Language and life: a double interface
The Language and life cluster represents an adjacent possibility into which people may choose to move. It arises from Stephen Cowley's interests in the biology of language and, inseparably, how language serves in remaking the ecology. Human beings enact a double interface between, on the one hand, living beings and, on the other, the changing landscapes and ecosystems on which we depend.
The DLG perspective suggests that, as part of action and perception –and especially as a mode of caring –language is central to environments that constrain our living being. We ask three main questions:
- how are we-and-the-world changing?
- What is happening to us as living beings?
- How do language and languaging contribute to this process?
Such questions are, of course, central to those who care about the environment and, among others, ecological linguists. In short, we raise questions about how the world change us – and especially the influence of factors like urbanization, loss of biodiversity, global warming and outsourcing knowledge-structures to Information Technology. We need to know how, as living systems, we can adapt and, indeed, how we wish to live; since language is based in co-action, we depend on the changing connections between biological, technical and cultural factors. Humans engage with each other – not just by means of language and related artifacts/institutions – but also as part of a world that depends on biosemiosis. Accordingly, we aim to develop ways of reaching beyond descriptions of language and discourse to ask if all is well and, where this appears not to be so, how we can act to better our lot.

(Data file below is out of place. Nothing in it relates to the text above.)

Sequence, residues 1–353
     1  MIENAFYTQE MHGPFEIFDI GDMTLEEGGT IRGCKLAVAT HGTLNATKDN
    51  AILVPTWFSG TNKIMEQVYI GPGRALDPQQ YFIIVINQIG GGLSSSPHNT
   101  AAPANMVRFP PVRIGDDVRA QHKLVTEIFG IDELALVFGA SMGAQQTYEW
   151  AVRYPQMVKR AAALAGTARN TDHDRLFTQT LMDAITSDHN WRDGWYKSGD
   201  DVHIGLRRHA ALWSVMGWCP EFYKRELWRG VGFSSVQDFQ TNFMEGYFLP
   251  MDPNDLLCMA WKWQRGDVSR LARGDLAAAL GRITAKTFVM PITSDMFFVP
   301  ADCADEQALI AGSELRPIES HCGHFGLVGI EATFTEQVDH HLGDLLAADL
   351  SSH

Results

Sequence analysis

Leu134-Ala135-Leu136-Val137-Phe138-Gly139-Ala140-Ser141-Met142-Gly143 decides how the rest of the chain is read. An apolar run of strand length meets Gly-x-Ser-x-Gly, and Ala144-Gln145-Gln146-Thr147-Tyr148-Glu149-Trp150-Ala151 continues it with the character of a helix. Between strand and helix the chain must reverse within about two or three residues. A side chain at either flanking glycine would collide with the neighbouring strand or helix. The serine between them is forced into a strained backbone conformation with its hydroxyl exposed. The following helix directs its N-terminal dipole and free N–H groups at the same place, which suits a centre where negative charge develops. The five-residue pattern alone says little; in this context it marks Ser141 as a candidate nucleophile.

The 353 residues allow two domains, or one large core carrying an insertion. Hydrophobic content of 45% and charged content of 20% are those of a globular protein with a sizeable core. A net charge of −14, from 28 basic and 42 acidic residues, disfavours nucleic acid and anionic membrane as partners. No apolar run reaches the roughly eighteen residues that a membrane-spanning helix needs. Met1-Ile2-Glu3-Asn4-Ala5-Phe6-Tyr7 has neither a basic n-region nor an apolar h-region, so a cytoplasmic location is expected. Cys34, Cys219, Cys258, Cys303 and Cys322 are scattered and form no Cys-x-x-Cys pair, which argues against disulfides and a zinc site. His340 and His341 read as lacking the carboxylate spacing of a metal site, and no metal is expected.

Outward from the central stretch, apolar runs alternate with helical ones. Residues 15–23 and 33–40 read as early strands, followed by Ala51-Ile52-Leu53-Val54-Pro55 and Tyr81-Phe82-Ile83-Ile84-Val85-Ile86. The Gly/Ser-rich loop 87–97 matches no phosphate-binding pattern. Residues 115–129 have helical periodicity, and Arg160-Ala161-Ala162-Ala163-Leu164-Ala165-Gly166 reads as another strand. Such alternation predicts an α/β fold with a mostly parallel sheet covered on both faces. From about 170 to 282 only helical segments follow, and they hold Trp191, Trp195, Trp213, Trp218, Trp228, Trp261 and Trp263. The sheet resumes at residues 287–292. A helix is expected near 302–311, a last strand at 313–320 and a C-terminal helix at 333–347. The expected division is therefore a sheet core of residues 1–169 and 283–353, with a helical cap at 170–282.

My first goal is to build a community who are interested in both the academic and practical implications of linking language with culture and the life sciences. Above all, I am looking to connect people who think such a community can be of value. So, if you are interested, please begin by getting in touch at email@example.com
Leo Van Lier and I are organizing a workshop in conjunction with the Biosemiotics conference in Tartu in July 2012. Rather than focus on how people write (and speak) about the environment, we aim to examine how we live an environment that, inseparably, shapes us as living beings.
- How is human living influenced by the action and technology of languages that both inhabit us and constrain what we can become?
- What implications does this have for individuals, populations and the environments that shape how we lead our lives?
- What consequences follow from such questions? Do we gain from intercultural comparison? Are there implications for education, politics and caring about non-local aspects of living?
We ask these questions with the goal of generating new debates. If you think that the distributed view raises other important issues, please let me know.